My husband and I couldn't help crying with secret laughter as we listened to our two year old daughter speaking to Peppa Pig on her plastic phone this evening. We have just come back from Peppa Pig World - which she loved - except for Miss Rabbit's helicopter ride involving a seatbelt.
"Hello, Peppa? Helicopter ride, seat belt, I cried."
Our daughter is now fast asleep, surrounded by and most likely dreaming of Peppa. Looking back over her two years since birth, Peppa has been a constant. It is one of the children's programmes that I actually enjoy watching - thank you Neville Astley and Mark Baker for creating Daddy Pig and for teaching my daughter how to say "Silly Daddy!"
I have never worried about my children watching too much television. In fact rightly or not, I have always considered a certain amount of TV as beneficial. My daughter loves watching DVDs and CBeebies but I have noticed - she self regulates. More often than not if I suggest playtime (imaginary trains and shopping) - the TV will go off in favour of play. If not, it means she is tired and who doesn't love having some unwind time in front of the TV when they're tired?
Self-regulation is the key - we need to give our children the opportunity to discover their own limits for everything. Television, sugar, junk food, fizzy drinks, computers, sulking - the list is endless. The point is, if we don't give our children the opportunity to get to know the so called bad things and discover on their own how they feel about them, I imagine they will not be able to limit themselves later on. We won't always be there to lead the way - we need to strengthen their little antennas and attune them to what is right for them.
The one thing I do worry about with all the technology around us - is the constant need to be connected. There are very rare moments when we are not connected in some way to the world around us and we need to take conscious steps to give ourselves the chance to unplug whenever we can. Meditation is routinely sited as the number one practice we can all do to improve our lives - bring about more happiness and less stress. If we can instil in our children the habit of meditation, we would know for certain we have given them a self-help tool that they could always fall back on.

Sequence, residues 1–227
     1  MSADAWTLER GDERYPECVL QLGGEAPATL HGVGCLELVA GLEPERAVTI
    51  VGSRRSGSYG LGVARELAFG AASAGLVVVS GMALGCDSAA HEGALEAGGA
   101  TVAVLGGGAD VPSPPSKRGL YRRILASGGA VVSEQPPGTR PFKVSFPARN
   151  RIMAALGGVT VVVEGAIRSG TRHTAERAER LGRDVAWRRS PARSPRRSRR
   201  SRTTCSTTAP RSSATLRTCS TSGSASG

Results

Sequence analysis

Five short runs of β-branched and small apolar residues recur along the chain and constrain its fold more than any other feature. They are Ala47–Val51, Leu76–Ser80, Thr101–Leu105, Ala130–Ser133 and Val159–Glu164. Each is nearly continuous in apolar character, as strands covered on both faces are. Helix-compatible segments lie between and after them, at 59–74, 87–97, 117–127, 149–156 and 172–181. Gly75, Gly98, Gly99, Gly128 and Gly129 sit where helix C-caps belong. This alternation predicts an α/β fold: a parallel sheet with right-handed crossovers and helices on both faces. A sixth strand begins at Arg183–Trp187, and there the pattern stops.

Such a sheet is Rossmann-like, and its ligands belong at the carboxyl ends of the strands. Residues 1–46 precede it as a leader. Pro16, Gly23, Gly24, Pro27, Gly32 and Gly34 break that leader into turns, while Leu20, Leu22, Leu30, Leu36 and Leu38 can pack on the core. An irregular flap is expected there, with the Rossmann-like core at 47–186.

I have always wanted to meditate. Coming from a background of obsessively reading self-help books since I was a teenager (Chopra, Dyer, Cohen, Tolle) I have learnt how important meditation is for the mind. However apart from the odd month here and there, I have never quite managed the daily commitment long-term. Knowing that leading by example is the best way to teach, my failure has led me to look to exterior help for my own children.
Waybuloo, a programme shown on CBeebies featuring meditation and yoga is absolutely what I have been searching for. Thanks to watching this programme, my daughter understands exactly what yoga and meditation is and she is unafraid and happy to join in when I attempt sessions at home. She can now do twenty minutes of concentrated yoga and five minutes of meditation at the young age of two years, which is more than I can do at thirty-seven.
If I continue the good work of encouraging her (and myself), I am hoping it will become so ingrained in her psyche that these practices will become habits. So thank you to Peppa and Nok Tok and Bing (if any of these names mean anything to you then you certainly watch CBeebies) because TV can, if we want it to, help us to give our children the exact things we fear it might take away from them. For me this also includes something as trite as a day at a commercial theme park - leading to a memory my husband and I will cherish forever.Suggest a correction